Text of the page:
|A ghost at noon by Alberto Moravia is better known by its film version, called Contempt, which was directed by Jean-Luc Godard and starred Bridgette Bardot in one of her iconic roles.|
A ghost at noon (1955)
by Alberto Moravia
Contempt (1963), directed by Jean-Luc Godard is one hell of a movie. That film is based on A ghost at noon, the 1955 novel by Alberto Moravia. Riccardo Molteni is a struggling film journalist with a new wife, living in a rented room in post-war Rome. In short order he falls in with Battini, a larger-than-life producer who wants to hire Riccardo to write film scripts. Based entirely on his new found employment, Riccardo makes the down payment on a larger flat, only to be immediately informed by his young wife that she would rather sleep in a separate room.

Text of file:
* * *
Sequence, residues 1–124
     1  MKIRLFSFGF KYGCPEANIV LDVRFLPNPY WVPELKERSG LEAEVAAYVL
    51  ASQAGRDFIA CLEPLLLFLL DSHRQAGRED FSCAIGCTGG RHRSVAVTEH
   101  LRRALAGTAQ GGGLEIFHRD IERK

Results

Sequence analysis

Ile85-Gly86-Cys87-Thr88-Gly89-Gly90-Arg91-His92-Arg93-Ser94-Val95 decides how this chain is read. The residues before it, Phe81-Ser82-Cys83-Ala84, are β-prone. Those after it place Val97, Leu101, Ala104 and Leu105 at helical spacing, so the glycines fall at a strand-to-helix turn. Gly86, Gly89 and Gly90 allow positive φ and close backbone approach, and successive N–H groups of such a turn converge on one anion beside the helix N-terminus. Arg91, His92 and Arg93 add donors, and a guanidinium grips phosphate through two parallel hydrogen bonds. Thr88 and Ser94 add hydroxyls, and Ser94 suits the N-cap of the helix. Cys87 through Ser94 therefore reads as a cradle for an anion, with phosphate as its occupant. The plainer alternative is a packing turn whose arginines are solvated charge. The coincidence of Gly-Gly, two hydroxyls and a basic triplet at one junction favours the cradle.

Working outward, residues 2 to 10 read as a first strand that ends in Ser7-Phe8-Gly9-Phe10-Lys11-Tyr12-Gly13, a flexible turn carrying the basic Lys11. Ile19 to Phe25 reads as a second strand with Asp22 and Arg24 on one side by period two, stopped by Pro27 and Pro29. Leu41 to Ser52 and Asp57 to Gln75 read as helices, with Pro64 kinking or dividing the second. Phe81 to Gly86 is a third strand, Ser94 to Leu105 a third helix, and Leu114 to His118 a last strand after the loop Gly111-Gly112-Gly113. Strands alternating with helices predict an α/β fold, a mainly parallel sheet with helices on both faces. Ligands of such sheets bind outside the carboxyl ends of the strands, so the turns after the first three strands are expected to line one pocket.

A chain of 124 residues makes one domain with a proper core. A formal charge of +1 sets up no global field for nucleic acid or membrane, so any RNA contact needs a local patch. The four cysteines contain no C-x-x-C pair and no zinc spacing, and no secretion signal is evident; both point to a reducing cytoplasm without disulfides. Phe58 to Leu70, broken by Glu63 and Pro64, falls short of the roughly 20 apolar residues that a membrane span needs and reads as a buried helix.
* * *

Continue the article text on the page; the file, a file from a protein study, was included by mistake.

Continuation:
The relationship spirals downward from there, with events coming to a climax at Battini's remote Capri villa, as Riccard and a German director are set to collaborate on a movie version of Homer's Odyssey. This joining of the project of literary adaptation with a personal relationship drama is one of the go-to moves of smart mid to late 20th century narrative story telling. You can think of the large genre of "movies about making movies." A ghost at noon is the first of these sort of stories.